The Texas Rangers have locked up yet another young left-handed starter, signing Martin Perez to a four-year, $12.5 million extension with three club options that could extend Perez's stay in the Lone Star State to 2020 and pad his pockets to the tune of $32.5 million.
A perennial top prospect, Perez erased memories of his rough big league stint in 2012 by posting a park-and-league-adjusted ERA that was 14 percent above average (114 ERA+). The 22-year-old enjoyed arguably the best rookie season ever for a Texas lefty, as only Mike Mason (114 ERA+ in 1984) matched him while throwing 120+ innings. Perez displayed sharp control (2.7 walks per nine innings) and racked up ground balls (47.9 percent of pitches put in play), both of which bode well for his future. But he also punched out just 6.1 batters per nine frames, far below the 7.2 average for starting pitchers in this strikeout-saturated era. To get more swings and misses, Perez will have to improve his pitch location with his breaking stuff.
Perez already has an out pitch in his changeup, which generated far more whiffs (39.7% of the time batters swing) than the league average (29.4%) and limited hard contact (.307 opponent slugging percentage, 90 points below the MLB average). His curveball and slider, on the other hand, induced swings and misses just 19% of the time (29.9% average for breaking pitches) and were frequently laced into the gaps (.437 slugging percentage, 92 points above the MLB average).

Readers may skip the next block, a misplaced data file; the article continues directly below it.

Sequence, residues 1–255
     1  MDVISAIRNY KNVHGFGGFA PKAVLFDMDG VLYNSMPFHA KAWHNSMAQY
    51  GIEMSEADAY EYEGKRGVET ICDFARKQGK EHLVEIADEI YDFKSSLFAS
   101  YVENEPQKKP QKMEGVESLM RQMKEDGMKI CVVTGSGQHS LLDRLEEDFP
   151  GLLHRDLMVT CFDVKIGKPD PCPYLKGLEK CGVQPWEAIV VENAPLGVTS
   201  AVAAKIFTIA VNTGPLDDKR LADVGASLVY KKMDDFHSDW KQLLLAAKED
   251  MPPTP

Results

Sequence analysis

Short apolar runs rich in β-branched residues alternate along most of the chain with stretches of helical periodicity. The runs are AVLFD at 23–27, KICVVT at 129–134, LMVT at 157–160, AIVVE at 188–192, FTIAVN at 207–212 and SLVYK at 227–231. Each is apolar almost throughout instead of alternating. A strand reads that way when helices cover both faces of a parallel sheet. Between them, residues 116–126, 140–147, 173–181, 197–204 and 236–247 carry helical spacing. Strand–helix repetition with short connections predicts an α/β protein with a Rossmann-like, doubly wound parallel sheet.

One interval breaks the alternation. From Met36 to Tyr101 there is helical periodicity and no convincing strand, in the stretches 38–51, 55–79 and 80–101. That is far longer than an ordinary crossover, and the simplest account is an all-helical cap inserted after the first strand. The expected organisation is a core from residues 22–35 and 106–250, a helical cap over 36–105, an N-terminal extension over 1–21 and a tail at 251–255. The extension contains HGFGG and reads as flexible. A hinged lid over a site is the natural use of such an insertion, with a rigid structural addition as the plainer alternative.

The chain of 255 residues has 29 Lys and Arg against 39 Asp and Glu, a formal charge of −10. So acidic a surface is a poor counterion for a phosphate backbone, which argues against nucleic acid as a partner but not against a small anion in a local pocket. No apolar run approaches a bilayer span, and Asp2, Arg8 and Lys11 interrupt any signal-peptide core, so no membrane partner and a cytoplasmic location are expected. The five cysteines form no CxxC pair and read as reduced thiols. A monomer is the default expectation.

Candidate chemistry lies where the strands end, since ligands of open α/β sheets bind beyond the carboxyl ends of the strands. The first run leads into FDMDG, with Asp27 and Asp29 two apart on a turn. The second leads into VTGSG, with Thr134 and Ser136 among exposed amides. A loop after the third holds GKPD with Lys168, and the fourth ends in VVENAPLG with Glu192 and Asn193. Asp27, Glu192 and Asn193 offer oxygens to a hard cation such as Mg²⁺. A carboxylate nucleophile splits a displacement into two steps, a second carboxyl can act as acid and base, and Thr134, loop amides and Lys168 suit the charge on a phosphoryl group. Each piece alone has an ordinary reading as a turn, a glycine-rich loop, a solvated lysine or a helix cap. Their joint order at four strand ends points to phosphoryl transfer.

Why did hitters square up Perez's breaking pitches? The young lefty struggled to command his slider and curve, too often leaving breaking balls over the heart of the plate:
Perez's pitch location with his slider and curveball, 2013
Perez threw 29% of his sliders and curves to the vertical middle of the strike zone, third-highest among lefty starting pitchers in 2013. Belt-high breaking stuff tends to get clobbered, with hitters swinging through just 12.9% of sliders and curves thrown over the middle of the plate and slugging a collective .461. Perez was no exception, getting whiffs 13.8% of the time and allowing a .556 slugging percentage when tossing a belt-high breaking pitch.
The recent history of low-strikeout lefties who nonetheless posted quality ERAs during their rookie season is mixed. On the wildly positive side, Andy Pettitte pitched into his forties and cobbled together a career that may get him some Cooperstown consideration. However, the list of low-K lefties (six or fewer strikeouts per nine) with an ERA similiar to Perez (10-20 percent better than the league average) also includes the likes of Gustavo Chacin, John Lannan and John Halama. To be more like Pettitte and less like Halama, Perez needs to complement his knockout changeup with better-located breaking pitches.